I'm planning aa marathon
I'm thinking of getting in some popcorn, snacks and drinkies and having a film-a-thon. I'm thinking 'The Right Stuff', 'First Man' then 'Apollo 13'. Are there any decent films about the Soviet space program?
It has been 50 years since NASA first shoved astronauts into a spacecraft that could not return to Earth: say hello to Spider. At 16:00 UTC on 3 March 1969, NASA sent the second crewed Saturn V into orbit following the success of Apollo 8's Christmas jaunt around the Moon. While this crew would not be travelling quite so far, …
If I were to ever lead a team and wanted to demonstrate what teamwork is all about, I would tell HR to fuck off with their bomb-defusing away days, and show "Apollo 13" in glorious 4K instead.
Even now - nearly 50 years on - I cannot think of a better example. Bearing in mind it was completely outside the bounds of anything that had been anticipated.
That's the America we could do with seeing "made great" again.
this sort of scenario happens more often than not, especially in small startup companies where 'crunch time' actually means what it says on the tin...
It's the semi-bloated mid-level company trying to be what they used to be when they were small that have the useless 'team building' exercises on the advice of overpaid consultants and newly hired HR managers.
The REALLY good thing about really small companies: They rarely have a budget for an HR department. If they're not using an HR service to process payroll and benefits, so much the better!!! If they hire contractors (even through an agency) to avoid all that, BEST OF ALL!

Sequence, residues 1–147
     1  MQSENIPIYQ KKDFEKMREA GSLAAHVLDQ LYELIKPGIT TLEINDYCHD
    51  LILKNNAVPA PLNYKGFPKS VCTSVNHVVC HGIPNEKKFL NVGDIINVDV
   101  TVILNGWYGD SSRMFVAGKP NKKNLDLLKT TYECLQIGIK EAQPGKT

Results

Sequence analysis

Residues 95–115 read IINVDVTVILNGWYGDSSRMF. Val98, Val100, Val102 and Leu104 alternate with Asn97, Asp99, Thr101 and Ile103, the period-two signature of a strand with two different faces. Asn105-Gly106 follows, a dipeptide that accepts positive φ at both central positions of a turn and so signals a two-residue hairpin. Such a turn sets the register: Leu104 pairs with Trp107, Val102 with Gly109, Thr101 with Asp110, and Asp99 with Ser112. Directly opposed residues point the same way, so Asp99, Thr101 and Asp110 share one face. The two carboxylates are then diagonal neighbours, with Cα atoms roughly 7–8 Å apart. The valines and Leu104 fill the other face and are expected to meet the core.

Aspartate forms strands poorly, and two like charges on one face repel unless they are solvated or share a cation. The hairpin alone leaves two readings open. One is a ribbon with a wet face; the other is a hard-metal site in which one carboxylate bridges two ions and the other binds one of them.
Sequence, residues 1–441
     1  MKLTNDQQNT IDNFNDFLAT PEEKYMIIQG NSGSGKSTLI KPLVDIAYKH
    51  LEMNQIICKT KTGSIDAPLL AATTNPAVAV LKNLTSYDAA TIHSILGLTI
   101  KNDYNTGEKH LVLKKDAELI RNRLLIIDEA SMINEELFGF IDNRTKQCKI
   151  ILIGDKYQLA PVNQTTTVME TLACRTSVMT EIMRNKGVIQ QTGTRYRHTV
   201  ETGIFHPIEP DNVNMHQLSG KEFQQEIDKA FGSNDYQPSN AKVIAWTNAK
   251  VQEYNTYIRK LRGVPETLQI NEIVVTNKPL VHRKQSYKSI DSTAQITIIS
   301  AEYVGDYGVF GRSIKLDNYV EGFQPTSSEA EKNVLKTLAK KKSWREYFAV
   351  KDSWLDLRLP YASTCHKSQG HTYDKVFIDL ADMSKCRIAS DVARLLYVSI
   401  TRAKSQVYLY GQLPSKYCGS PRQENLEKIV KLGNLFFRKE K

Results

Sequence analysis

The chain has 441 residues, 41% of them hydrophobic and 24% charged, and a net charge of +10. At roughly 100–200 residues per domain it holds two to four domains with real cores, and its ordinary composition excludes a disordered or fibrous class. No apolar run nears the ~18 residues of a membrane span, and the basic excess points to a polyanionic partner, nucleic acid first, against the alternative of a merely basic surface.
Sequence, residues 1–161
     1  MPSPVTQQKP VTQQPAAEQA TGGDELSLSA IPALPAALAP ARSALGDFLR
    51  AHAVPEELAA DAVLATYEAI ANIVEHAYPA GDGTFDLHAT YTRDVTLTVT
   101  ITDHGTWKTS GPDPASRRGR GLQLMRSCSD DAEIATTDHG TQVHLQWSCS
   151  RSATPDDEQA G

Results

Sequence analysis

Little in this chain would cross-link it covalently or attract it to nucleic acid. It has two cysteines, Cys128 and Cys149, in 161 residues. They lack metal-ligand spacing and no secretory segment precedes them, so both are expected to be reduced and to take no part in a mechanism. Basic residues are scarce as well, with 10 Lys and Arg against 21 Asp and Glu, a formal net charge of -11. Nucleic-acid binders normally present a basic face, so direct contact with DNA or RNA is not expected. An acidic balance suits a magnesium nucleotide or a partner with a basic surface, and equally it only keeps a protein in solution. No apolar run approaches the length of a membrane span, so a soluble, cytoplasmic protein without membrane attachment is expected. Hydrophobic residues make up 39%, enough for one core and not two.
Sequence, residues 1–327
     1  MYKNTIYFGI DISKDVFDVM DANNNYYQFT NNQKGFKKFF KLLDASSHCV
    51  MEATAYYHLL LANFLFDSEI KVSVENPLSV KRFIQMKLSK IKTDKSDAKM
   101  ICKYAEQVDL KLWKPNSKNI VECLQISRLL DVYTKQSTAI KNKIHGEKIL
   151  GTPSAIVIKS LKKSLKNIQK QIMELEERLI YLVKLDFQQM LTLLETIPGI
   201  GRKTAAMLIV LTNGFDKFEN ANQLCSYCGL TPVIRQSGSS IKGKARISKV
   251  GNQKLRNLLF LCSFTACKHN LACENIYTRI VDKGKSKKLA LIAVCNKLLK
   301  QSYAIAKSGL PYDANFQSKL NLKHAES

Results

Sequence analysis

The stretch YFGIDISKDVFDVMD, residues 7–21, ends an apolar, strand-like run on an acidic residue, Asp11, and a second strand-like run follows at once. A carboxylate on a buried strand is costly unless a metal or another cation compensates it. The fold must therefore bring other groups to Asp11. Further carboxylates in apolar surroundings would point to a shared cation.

And now that you have a small team of highly qualified individuals, and some kind of crisis to overcome, you'll generally get "that kind" of teamwork.
(because, at a large company, you can afford to hire people who would mostly be 'dead weight' in a small one)
Oh, and a nice thumbs up for the rest.
I'd give "The Right Stuff" a miss and read the book if I was you. I really enjoyed that the first time round and, years later, its still good value. OTOH I was really disappointed by the film: I saw it on first release and never want to see it again - far too artsy and not nearly enough Right Stuff for my taste.
Read the book and then follow it up with Michael Collins's "Carrying The Fire".
The book is very different to the film - although some bits have been lifted straight from it. Like the astronaut selection scenes in the weird clinic in the middle of nowhere. But I love both the book and the film. Haven't read Michael Collins' book though, so I'll give that a go.
The film does seem to divide opinion though. I've rarely heard a bad word about Apollo 13, but many people don't seem to like The Right Stuff. I suspect First Man is going to be quite a divisive film too.
From the Earth to the Moon as recommended in the article is good. It was made by Tom Hanks after he'd made Apollo 13, and fits nicely with it (13 is the only mission that there's not an episode on because you're supposed to just watch the film). It's a mixture of docu-drama and interviews.